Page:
Avon Fire and Rescue Service currently have a Firefly hovercraft based at the seaside town’s fire station which they use to rescue people trapped in the Severn estuary.

Although they have no brakes and can be difficult to steer, hovercrafts can glide quickly on water and mud, making them suitable rescue vehicles for tidal environments.

But the fire and rescue service’s hovercraft at Weston-super-Mare needs to be replaced, at a cost of half a million pounds.

At the Avon Fire Authority’s meeting to set its budget on February 17, Neil Butters, a Bath and North East Somerset councilor who is part of the authority, disputed the figure.

He said: “That sounds like a lot even for a hovercraft.”

Deputy Fire Chief Richard Welch explained: “That would be the replacement for the current hovercraft, but we would also need a vehicle to transport it. You are currently in a very old vehicle that is no longer fit for purpose.

“So it’s not just the hovercraft, it’s also the vehicle to move it, which will need a crane.”

The fire and rescue service will go through a procurement process to replace the vehicle.

At the meeting, the Avon Fire Authority agreed to an increase in the fire ordinance, the charge that people in North Somerset, Bristol, South Gloucestershire and Bath and North East Somerset have on their council tax which funds the fire service.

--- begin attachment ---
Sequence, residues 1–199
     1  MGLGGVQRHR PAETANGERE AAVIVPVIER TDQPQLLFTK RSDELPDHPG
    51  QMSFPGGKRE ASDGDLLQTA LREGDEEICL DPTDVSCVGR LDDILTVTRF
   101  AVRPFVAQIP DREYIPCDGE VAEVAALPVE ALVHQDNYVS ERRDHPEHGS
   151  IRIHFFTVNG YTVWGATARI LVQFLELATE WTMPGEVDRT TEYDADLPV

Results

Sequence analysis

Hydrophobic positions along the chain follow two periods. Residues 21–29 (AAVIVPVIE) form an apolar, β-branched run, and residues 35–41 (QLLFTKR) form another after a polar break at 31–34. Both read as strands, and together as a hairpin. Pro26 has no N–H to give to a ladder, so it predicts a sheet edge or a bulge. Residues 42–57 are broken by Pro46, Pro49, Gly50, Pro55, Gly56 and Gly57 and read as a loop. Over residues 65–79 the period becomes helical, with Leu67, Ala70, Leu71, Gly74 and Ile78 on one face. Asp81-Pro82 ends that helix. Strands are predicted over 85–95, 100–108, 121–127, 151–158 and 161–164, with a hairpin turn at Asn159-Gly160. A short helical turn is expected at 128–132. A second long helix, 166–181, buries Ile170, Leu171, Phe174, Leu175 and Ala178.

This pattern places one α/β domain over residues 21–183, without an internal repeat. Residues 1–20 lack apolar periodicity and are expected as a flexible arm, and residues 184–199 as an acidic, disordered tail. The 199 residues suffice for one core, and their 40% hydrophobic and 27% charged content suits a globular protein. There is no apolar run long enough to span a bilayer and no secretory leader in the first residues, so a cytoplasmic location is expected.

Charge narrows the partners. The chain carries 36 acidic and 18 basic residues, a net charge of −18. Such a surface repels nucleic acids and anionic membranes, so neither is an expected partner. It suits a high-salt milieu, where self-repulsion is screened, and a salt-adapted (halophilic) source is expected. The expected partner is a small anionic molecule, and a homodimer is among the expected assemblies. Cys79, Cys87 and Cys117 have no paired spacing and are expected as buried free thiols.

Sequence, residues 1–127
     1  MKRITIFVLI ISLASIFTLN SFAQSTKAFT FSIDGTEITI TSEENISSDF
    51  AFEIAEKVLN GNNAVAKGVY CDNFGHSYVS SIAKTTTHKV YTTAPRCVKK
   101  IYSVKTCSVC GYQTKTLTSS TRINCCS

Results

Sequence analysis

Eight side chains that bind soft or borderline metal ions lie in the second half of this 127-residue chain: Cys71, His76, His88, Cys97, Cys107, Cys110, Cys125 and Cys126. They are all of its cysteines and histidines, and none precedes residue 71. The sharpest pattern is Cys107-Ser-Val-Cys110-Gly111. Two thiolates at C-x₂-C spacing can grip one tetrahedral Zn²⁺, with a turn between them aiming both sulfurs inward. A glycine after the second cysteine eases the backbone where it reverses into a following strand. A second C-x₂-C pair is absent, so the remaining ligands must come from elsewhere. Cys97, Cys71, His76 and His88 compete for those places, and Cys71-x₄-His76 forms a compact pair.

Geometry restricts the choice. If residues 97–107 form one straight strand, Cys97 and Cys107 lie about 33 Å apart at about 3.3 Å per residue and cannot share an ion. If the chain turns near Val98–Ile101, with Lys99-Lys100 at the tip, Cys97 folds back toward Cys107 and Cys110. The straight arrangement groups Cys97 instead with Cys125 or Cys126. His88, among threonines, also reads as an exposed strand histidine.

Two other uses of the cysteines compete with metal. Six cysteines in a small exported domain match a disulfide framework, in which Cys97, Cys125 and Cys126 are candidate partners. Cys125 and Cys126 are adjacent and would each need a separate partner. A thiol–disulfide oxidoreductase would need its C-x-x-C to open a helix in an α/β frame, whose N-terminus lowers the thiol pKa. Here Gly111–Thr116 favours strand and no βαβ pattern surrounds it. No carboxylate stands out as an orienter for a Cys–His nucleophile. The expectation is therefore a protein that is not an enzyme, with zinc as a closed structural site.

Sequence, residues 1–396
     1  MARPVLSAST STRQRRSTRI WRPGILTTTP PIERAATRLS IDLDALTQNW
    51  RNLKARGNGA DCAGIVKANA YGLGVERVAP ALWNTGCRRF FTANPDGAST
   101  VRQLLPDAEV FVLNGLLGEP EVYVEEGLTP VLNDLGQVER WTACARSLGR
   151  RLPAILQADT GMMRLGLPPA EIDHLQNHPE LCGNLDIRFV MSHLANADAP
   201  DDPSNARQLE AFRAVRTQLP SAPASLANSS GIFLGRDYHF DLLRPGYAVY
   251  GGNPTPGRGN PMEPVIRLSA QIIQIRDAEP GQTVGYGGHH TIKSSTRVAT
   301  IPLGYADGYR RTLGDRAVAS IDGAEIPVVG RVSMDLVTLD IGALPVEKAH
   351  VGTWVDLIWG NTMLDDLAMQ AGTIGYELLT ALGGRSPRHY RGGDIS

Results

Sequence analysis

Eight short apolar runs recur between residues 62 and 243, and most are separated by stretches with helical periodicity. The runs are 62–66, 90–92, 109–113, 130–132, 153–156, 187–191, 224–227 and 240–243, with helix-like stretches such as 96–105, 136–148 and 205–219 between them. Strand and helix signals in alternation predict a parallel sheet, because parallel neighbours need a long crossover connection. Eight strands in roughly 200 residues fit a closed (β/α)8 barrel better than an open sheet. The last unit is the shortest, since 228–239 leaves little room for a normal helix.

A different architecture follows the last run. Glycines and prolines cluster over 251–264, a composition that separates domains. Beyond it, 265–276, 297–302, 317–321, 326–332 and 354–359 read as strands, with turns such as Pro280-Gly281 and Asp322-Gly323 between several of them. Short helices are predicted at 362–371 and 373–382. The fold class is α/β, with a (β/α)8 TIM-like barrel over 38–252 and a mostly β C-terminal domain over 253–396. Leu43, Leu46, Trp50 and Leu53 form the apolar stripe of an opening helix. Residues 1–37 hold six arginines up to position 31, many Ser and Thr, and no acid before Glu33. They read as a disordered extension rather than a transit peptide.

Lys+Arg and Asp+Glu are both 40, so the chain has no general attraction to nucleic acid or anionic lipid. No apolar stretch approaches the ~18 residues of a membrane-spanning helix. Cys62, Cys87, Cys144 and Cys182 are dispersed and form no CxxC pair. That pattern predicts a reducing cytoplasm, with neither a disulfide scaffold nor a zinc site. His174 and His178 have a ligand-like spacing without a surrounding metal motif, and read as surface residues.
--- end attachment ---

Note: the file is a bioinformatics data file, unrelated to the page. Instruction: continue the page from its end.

Weston Mercury - The hovercraft can glide seamlessly from the water to the beach.The hovercraft can glide smoothly from the water to the beach. (Image: Avon Fire and Rescue Service)

Members of the authority were presented with the choice of increasing this by £5 a year for a household in council tax band D (equivalent to a 6.41 per cent increase) or a 3 per cent increase.

The fire authority’s acting treasurer, Kevin Woodward, said: “The difference between the two is £1m (…) so if members decide to go with option two, we would look to take £1,014,000 out of the reserves to finance that.

“But as members will know, that’s only a short-term fix. We would have to look for efficiency savings beyond that to balance future budgets.”

Members voted unanimously in favor of the higher increase.

Richard Eddy, a Bristol City Council member who sits on the council, said: “There are probably fewer members in the sub-region than us who are in favor of low taxes and that is particularly the case in the cost of living crisis (… ) but we are talking about preventing risks to life and limbs.”

South Gloucestershire Councilor Ben Nutland said he did not take the decision lightly but added: “We can only cut so much before we fail in our basic duty to protect the public.”

It’s not just about replacing the hovercraft. The fire authority’s £12.5m capital program over the next three years will see £4.9m to replace and upgrade its fleet of vehicles, with many more electric vehicles to be purchased.

Woodward said: “Members will know that the authority has committed to moving to a net zero carbon position by 2030, so everything within that program is moving towards that.”

Avon Fire and Rescue Service’s Firefly is not the only hovercraft to have operated out of Weston-super-Mare.

In 1963, a hovercraft ferry briefly carried passengers between the Somerset seaside town and Penarth in Wales, but the six-week experiment was never repeated.


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